Call to the Pen is always one of our most active sites. With so much to choose from, the Fan particularly enjoyed this history of the BBWAA and the MVP.

Our Italian writer, Mario Salvini, covers a local awards gala and one of the quotes was astounding. Che Palle!

Our hearts go out to Matt Whitener whose aptly titled post mourns the passing of Albert Pujols over at Cheap.Seats.Please.

TheNaturalMevs over at Diamond Hoggers gives us a first look at many people's favorite video game.

Our German entry, Dugout 24, gives us perhaps the best Pujols heading this Fan has seen thus far.

After a flurry of free agent signings, For Baseball Junkies wonders what's next. So do we!

The Baseball Index gives us some excellent analysis on the recent moves by the Boston Red Sox.

The Ryan Braun situation woke Kenn Olson of Going Yard fame out of his self-imposed nap!

Griffin Phelps of The Golden Sombrero provided this Fan's favorite read of the week this week. A must read.

Hmm...After just saying that, this Fan then went and read this excellent post over at Grubby Glove. Torn now!

The Hall of Very Good thinks Derek Jeter is a rock star. You'll remember this piece for quite a while.

Theo of Hot Corner Harbor participated in epic "50 Best Players Not in the Hall of Fame" project and gives us his choices and explanations here. Great stuff.

You know, baseball writers are not one-dimensional people. Keith Law cooks. Rob Neyer does movie reviews. And our own Left Field not only loves baseball, but if you want to know about beer and many other things, you have to check him out!

Major League A-Holes has a touching tribute and goodbye to Mark Buehrle. We baseball fans are a passionate bunch.

We have another excellent scorecard entry, this one from the brilliant mind and author of Michael Holloway's Baseball Blog.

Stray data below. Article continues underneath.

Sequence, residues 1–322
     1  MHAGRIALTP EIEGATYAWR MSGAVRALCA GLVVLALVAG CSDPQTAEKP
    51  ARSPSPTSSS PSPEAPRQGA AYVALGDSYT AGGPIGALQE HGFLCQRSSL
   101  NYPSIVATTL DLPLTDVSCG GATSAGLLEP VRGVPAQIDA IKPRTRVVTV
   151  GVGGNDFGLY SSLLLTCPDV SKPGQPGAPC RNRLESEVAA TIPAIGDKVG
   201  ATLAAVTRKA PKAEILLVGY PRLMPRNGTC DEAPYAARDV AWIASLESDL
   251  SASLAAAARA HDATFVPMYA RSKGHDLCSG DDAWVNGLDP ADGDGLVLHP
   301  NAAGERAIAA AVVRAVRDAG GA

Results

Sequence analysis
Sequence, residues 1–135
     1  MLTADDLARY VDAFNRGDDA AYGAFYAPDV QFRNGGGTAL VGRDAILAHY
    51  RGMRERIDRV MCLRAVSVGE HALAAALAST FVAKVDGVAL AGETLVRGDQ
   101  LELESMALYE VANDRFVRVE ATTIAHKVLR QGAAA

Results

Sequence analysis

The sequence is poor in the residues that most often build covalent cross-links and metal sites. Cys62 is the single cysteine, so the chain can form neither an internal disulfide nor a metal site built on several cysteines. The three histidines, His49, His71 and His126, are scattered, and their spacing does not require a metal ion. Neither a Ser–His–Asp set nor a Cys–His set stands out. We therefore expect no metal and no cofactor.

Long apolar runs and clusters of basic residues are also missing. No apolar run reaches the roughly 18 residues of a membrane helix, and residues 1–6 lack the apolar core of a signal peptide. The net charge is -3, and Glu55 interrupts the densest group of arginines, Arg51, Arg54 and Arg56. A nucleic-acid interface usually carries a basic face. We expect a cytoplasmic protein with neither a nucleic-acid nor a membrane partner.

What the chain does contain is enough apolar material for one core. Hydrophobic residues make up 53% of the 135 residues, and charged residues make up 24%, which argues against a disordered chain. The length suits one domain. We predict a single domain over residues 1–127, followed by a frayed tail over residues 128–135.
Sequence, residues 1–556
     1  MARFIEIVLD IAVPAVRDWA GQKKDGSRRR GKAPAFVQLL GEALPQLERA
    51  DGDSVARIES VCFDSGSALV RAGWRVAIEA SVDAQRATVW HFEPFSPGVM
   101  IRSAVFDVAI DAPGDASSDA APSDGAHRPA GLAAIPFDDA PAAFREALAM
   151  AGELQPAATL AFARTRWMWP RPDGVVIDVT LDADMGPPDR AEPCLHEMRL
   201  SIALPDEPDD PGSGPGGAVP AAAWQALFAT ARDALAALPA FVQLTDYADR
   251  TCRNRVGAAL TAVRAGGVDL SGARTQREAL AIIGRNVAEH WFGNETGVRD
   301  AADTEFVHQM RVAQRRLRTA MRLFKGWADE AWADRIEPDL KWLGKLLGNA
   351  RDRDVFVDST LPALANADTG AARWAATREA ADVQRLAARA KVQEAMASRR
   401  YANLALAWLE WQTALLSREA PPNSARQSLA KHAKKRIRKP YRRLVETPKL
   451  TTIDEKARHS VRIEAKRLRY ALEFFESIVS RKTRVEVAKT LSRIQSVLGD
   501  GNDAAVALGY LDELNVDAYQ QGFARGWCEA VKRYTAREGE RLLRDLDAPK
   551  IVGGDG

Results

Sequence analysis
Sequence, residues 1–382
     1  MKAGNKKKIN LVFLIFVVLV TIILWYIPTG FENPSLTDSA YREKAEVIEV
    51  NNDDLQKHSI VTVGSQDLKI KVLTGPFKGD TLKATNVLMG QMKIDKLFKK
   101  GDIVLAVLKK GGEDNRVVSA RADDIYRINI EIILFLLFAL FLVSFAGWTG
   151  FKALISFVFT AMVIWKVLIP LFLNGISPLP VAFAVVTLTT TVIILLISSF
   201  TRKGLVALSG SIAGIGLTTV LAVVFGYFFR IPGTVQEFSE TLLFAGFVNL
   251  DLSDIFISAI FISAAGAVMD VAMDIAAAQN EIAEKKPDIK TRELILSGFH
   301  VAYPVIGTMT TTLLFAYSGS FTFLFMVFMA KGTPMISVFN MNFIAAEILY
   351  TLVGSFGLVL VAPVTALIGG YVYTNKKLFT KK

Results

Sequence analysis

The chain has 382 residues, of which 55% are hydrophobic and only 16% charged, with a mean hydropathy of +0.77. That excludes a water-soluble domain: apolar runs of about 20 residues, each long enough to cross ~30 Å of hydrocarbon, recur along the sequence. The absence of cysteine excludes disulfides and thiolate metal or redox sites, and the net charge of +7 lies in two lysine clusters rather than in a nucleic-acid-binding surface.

The always interesting MLB Dirt got even better with the addition of Andrew Martin to the team. Here is his first entry and it is BIG!

One of the hardest parts of this job each week is picking the best of the bonanza of offerings over at MLB Reports. Being a sucker for young players, let's go this week with an interview of Jaff Decker.

Old Time Family Baseball laments where the new baseball labor agreement is taking us. Superb.

Bill over at The Platoon Advantage gives us a fun to read explanation of why teams back-load contracts. It all makes perfect sense despite this Fan's stupid comment.

Rational Pastime is all about baseball. But for one week, J-Doug delves into the Tim Tebow phenomenon. Great read even if it isn't baseball.

Replacement Level Baseball Blog is going through a mock draft for 2012 and takes us along for the joy ride. Terrific.

Of course, our weekly link post is never complete without The Sports Banter's Monday Mullet.  It's one of life's most guilty pleasures.

Sully over at Sully Baseball salutes Jed Lowrie after the Red Sox announced his trade to the Astros. This writer roots for Jed too.

Through the Fence Baseball fills us in on a very bad accident suffered by a prospect in the Toronto Blue Jays organization. Keep this guy in your prayers and help if you can please.

Mike Cardano of the X-Log gives us an excellent rundown of baseball's new rules in the new labor agreement.

Thanks for stopping by and have a great weekend.

Wednesday, December 14, 2011

Cuddyer and Willingham Are the Same